Imagine this scenario: An agent arrives at her office to find the company’s intranet site locked with a message on the screen from a hacker demanding ransom.
There’s no reason for panic because, in addition to having a standard errors and omissions insurance policy, the brokerage is protected by a cyber liability policy. That’s a type of coverage that an increasing number of insurance companies are offering.
Back to our scenario: The agent informs her broker-owner about the breach. The broker has access to a hotline and a “breach coach,” a lawyer specializing in cyber events, and consults with the breach coach, who confirms that all files can be restored using the system backup. The coach also brings in a forensics expert to determine whether data has been compromised. It hasn’t. Nor has the hacker used the breach to access the intranet site of the larger real estate company the broker is affiliated with. In short, it’s a small-scale extortion. Before the case is closed, the forensics expert works with the -broker’s technical staff to seal the system.
This type of minor breach, in which you’re locked out but no client data is compromised, could cost a brokerage $10,000 to resolve. But with cyber liability coverage, a brokerage would pay only a fraction of that—typically about 25 percent, depending on the level of protection obtained. With REALTOR Benefits® Program partner Victor O. Schinnerer & Co., base annual premiums start at about $750.
Hackers are infiltrating business systems regularly, and the damage is becoming more severe. Internet security giant Symantec found more than 430 million new pieces of malware in 2015 alone, up 36 percent from the prior year. The Federal Trade Commission recently warned that the real estate industry, with its large sums of money changing hands, has become a tempting target for wire transfer fraud. In such a scheme, a hacker breaches the email of a consumer, real estate agent, lender, or title agent; follows the back-and-forth between parties; and then creates an official-looking email, directing the buyers to wire their down payment money to the criminal’s account. Warn buyer clients to check the validity of any email that instructs them to transfer funds electronically. If they fall prey to such a scam, and a forensics investigation reveals it was your email that provided entry to the hacker, you could be subject to a liability claim.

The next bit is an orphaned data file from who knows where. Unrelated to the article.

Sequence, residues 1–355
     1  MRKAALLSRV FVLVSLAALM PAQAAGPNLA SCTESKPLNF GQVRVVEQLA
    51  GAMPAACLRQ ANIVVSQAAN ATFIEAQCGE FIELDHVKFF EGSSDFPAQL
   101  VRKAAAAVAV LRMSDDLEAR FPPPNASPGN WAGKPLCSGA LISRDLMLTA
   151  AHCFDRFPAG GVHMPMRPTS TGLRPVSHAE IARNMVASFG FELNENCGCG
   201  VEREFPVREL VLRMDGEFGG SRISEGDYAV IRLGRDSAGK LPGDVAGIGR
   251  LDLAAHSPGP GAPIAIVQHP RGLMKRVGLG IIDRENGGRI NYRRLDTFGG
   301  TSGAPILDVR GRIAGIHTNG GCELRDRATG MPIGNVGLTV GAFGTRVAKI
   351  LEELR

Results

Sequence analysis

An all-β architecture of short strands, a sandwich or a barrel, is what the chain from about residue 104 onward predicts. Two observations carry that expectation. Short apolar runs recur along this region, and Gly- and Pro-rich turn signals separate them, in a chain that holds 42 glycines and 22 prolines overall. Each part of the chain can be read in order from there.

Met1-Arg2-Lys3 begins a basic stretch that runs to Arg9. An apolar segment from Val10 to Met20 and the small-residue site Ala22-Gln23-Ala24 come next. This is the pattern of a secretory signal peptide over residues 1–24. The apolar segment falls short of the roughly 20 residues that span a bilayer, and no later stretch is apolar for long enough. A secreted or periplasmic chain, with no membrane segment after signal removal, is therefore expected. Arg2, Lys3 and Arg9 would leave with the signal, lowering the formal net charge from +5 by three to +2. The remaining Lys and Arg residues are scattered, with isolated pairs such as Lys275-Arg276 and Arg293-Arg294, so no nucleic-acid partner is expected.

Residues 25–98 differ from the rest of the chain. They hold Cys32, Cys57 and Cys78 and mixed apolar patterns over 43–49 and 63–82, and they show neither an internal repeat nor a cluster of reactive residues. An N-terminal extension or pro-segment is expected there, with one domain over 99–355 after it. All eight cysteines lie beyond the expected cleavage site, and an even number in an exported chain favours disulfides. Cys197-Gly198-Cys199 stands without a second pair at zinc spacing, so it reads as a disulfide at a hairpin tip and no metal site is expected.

Telephone toll fraud is also on the rise. This is where a hacker gains access to your brokerage’s internet-based phone system and reroutes your incoming and outgoing calls through a 900 number the hacker controls. You see nothing until your next phone bill arrives.
Small and medium-sized real estate companies are particularly vulnerable because they typically don’t have a full-time risk manager on staff. Yet every time an agent uses free Wi-Fi at a coffee shop to check email, your company faces potential exposure to a hacker. Even if you’re using a secured network at the office, you can open a door to your system if you click on a compromised link in an email.
If a hacker accesses your customers’ personal and financial data, that becomes a full-scale breach that would likely trigger state requirements on reporting and other remediation steps, and could even subject your business to fines and other repercussions at the federal level.
When shopping for a cyber liability policy, brokerages should look for:
- Plain-language contracts. It’s hard to decipher what’s covered, and what’s not, if you have to wade through page after page of cyber jargon.
- Breach liability coverage. Know what breaches are covered.
- Breach rectification coverage. Does the policy offer a hotline and a coach who’s qualified to help you manage the aftermath of a system compromise?
Anyone can fall victim to hacking. It’s smart to investigate liability options to keep your clients, your agents, and your company as safe as possible.
Editor’s note: Opinions expressed in commentary articles do not necessarily reflect the position of the National Association of REALTORS® or REALTOR® Magazine. Submit commentary ideas to managing editor Wendy Cole at email@example.com.